February 23, 2016, 10:57 am

I do not know how this site can be called Trusted Reviews, this is a very biased and full of mis-information review. Just take design as an example. The iPhones are much bigger and heavier in comparison to both the S6 and S7 series in comparison to the screen size and the power of the internals, like superior and higher resolution screens and bigger batteries. The back of the iPhones are not great with plastic lines and a large protruding camera, not to mention the large bezels. The S7 absolutely kills the iPhone on design packing even more into less. I could, go, through the whole article and pick out similar misleading comments, but hopefully readers can see through the unprofessional review.


February 24, 2016, 8:39 pm

Samsung all the way!


March 4, 2016, 6:09 pm

I'm sorry but pretending that Live Photos is some type of Apple innovation just makes your cred go through the floor. It's Apple's version of HTC Zoe. Live Touch or whatever is just another take on Android's system-wide long press, and Samsung's "gimmicky" Air Touch from YEARS AGO!! Tool


March 5, 2016, 9:15 pm

Besides HTC, Samsung has been offering this feature since Galaxy S4 (May 2013) as well. The only thing that has been changed is its name: peviously Animated GIF, now Vivid Photo.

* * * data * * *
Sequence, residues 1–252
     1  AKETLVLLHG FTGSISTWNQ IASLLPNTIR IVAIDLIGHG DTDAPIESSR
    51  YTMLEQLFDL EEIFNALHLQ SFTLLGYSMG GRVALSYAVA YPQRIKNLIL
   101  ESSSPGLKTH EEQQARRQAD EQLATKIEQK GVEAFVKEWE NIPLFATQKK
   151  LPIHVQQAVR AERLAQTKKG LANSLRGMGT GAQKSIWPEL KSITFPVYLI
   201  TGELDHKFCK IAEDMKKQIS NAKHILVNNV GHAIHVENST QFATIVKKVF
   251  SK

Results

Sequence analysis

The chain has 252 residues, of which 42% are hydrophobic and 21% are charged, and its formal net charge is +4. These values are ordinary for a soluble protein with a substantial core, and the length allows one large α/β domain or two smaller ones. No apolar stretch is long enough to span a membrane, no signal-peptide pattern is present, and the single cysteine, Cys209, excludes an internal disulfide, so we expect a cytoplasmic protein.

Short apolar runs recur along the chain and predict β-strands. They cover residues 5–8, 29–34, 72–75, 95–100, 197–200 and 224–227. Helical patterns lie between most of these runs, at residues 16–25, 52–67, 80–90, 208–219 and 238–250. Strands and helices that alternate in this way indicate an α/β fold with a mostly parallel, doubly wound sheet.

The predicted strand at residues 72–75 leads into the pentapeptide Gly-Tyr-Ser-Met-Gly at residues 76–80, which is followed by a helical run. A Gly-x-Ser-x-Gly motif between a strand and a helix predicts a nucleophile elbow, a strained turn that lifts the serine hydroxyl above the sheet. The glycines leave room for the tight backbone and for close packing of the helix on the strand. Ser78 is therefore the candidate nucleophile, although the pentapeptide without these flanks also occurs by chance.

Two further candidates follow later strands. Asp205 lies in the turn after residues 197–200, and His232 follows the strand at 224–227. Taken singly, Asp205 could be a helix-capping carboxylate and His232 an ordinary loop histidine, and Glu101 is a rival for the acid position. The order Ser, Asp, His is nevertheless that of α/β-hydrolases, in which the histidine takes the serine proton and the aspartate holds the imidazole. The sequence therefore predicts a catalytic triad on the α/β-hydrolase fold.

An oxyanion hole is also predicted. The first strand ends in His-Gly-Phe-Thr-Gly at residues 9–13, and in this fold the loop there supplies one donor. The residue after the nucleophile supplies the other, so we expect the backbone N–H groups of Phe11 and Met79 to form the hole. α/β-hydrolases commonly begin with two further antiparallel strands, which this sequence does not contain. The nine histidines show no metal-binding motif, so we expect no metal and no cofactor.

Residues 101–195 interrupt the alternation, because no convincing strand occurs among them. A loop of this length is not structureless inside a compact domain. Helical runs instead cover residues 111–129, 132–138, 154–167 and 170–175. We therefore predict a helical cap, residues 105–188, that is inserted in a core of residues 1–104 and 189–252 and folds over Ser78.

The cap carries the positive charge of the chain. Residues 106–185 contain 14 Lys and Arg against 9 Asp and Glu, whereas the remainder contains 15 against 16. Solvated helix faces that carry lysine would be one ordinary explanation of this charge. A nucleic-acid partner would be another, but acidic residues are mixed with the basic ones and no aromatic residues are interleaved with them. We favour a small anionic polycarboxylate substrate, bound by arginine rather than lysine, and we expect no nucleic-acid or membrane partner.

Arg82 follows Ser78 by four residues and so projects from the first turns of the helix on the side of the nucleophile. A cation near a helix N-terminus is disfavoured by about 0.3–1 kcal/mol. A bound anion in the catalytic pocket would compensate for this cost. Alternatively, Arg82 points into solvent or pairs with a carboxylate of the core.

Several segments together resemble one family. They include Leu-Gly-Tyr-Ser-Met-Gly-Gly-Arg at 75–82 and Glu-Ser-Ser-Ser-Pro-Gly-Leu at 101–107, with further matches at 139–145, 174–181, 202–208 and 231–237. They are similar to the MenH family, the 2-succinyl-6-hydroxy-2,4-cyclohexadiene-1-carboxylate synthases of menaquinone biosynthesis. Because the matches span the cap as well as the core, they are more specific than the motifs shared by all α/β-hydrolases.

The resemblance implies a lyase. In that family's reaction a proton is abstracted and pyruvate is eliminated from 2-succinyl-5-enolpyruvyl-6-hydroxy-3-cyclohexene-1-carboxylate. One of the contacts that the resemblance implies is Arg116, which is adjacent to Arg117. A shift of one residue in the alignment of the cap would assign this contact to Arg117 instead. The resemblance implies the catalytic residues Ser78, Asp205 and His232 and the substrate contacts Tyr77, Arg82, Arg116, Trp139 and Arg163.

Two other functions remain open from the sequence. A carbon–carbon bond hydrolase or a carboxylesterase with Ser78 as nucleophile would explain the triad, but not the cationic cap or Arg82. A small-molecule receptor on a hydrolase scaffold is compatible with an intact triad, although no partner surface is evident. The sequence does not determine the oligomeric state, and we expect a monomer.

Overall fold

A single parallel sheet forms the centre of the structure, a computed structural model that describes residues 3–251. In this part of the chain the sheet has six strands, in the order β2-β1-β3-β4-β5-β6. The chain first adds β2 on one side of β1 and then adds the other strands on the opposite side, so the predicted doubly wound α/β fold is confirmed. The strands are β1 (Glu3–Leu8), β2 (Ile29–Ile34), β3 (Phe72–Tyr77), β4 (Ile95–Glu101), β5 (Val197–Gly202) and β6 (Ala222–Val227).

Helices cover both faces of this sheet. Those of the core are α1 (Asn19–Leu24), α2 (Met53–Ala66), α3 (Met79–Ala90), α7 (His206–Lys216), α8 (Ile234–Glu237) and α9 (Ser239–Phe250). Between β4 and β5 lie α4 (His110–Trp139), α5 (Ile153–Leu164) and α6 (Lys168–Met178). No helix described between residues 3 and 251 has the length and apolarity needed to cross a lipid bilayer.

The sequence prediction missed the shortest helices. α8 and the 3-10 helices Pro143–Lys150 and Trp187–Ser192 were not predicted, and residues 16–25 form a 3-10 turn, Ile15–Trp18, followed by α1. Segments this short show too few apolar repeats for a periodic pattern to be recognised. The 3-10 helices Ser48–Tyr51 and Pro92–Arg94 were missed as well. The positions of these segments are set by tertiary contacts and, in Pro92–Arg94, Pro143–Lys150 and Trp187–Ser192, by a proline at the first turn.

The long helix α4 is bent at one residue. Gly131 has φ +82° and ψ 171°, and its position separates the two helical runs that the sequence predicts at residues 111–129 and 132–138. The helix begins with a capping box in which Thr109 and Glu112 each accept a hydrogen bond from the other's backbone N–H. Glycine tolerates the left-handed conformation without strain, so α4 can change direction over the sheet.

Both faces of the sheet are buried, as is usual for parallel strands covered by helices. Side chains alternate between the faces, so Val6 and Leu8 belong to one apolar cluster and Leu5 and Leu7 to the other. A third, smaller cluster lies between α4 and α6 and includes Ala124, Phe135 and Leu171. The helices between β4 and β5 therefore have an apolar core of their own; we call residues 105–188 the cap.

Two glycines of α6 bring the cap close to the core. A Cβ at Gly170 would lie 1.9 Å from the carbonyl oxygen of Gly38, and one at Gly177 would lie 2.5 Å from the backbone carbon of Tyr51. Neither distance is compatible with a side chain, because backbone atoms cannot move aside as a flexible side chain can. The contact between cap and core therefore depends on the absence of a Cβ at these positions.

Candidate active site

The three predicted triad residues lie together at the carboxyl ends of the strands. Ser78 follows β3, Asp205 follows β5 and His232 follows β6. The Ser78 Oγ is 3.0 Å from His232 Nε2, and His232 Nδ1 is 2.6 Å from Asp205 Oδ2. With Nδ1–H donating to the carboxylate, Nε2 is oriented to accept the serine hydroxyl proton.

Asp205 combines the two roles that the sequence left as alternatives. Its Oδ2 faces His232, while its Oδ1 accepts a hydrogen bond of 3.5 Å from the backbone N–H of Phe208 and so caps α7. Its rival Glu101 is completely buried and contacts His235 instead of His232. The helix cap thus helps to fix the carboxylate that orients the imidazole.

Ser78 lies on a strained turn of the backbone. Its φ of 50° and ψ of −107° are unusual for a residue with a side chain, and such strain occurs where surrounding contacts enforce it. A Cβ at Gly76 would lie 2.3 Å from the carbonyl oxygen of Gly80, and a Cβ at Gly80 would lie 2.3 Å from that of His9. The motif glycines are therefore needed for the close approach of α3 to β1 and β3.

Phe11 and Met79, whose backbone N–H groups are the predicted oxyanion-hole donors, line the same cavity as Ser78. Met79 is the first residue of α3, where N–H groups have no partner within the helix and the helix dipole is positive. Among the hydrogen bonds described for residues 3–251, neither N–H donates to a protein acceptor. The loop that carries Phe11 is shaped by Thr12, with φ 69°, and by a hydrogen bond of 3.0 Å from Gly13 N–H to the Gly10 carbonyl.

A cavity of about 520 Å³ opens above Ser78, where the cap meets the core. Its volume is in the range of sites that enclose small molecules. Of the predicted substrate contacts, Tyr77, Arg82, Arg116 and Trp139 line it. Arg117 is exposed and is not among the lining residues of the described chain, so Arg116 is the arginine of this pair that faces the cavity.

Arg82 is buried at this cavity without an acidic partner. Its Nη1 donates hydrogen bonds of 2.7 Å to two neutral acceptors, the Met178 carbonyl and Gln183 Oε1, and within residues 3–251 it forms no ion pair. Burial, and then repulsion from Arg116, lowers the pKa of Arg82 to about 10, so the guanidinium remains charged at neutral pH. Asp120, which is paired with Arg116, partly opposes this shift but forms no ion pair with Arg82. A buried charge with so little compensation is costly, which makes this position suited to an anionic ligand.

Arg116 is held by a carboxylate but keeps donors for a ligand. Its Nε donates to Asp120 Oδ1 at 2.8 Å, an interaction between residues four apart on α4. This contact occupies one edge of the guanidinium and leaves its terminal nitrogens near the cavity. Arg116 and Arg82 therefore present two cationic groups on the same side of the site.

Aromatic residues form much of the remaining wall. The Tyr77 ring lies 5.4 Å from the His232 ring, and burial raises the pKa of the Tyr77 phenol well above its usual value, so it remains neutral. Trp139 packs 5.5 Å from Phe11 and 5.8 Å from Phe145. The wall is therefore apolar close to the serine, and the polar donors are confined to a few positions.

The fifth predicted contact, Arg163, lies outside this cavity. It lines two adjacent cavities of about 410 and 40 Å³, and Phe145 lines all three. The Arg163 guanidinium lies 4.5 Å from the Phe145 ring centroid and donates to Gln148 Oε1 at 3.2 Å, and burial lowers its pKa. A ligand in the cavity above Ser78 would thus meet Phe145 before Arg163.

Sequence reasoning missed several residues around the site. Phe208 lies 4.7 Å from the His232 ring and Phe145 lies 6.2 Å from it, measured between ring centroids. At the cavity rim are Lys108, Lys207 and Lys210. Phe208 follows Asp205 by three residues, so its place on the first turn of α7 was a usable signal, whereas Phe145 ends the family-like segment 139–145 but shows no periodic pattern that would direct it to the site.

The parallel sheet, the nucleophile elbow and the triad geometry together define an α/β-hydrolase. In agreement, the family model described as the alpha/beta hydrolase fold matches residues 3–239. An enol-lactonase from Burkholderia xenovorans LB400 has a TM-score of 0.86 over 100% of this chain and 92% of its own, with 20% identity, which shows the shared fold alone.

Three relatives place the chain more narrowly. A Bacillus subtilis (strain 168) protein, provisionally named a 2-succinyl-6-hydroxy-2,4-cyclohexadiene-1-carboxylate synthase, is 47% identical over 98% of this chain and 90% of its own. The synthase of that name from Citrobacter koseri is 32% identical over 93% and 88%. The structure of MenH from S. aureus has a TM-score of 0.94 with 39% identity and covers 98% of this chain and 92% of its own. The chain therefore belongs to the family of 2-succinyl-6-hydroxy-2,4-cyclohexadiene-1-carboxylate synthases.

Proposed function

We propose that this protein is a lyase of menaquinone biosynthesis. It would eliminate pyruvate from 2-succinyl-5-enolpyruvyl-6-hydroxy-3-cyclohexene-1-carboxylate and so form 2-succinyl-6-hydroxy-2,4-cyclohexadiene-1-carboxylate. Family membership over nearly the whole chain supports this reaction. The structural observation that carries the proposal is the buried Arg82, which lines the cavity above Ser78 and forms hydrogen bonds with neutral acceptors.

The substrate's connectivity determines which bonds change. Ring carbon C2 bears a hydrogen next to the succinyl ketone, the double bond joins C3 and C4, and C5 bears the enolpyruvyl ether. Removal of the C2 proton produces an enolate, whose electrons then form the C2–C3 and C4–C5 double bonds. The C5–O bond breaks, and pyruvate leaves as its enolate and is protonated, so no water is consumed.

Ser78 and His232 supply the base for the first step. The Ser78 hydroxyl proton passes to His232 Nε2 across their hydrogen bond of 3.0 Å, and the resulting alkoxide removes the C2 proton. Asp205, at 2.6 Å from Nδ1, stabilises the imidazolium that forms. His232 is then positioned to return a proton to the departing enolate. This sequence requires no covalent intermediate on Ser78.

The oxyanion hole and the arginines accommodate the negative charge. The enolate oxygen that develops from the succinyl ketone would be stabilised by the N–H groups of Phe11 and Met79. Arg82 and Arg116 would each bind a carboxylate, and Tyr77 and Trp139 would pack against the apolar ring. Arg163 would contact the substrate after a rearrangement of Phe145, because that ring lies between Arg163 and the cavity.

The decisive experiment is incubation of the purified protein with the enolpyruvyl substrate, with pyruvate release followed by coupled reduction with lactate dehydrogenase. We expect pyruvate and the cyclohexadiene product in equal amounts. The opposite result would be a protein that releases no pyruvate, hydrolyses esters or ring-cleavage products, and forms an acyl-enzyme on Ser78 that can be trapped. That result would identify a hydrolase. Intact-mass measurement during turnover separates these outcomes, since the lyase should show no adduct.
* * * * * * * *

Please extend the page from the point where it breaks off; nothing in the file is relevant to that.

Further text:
Anna Lund

March 9, 2016, 12:41 pm

are you high?


March 9, 2016, 2:00 pm

Perfectly level headed thank you. Just look at the facts.

Anna Lund

March 9, 2016, 3:23 pm

I did. and I still think you are high.


March 10, 2016, 12:53 am

You may think you looked at facts but here they are, you must be looking at the wrong place.

iPhone 6s Plus - 158.2 x 77.9 x 7.3 mm 192g
Galaxy S6 Edge+ 154.4 x 75.8 x 6.9 mm 153g

Just to explain the Samsung is slimmer, thinner, shorter and significantly lighter.

Just to add, its superior design packs in a bigger screen, bigger battery, better, higher resolution screen, more RAM and base storage, wireless and fast charging.



March 11, 2016, 1:53 pm

this article is not comparing those 2 phones...

this is about the iphone 6s and the galaxy S7...

so yeah, you're the high one


March 11, 2016, 2:27 pm

Actually if you read what I wrote i referred to the S6 and S7 series and iPhones not iPhone. The same principle applies to both the latest iPhones compared to their equivalent Samsung. The iPhones both are heavy and terrible screen to body ratios, especially as the hardware is far more limited or absent. I used tbe larger phones as they have the same screen size, so it is easy to see the point.

Bury your head in the sand all you want, it does not change the facts I clearly and correctly laid out.


March 11, 2016, 2:39 pm

This is literally what you wrote...
"iPhone 6s Plus - 158.2 x 77.9 x 7.3 mm 192g
Galaxy S6 Edge+ 154.4 x 75.8 x 6.9 mm 153g"

read what you wrote first then reply. Also the s6 is both lighter and
thinner than the galaxy s7 so idk what you're talking about. Hardware is
also not limited, the specs are built to perform optimally with the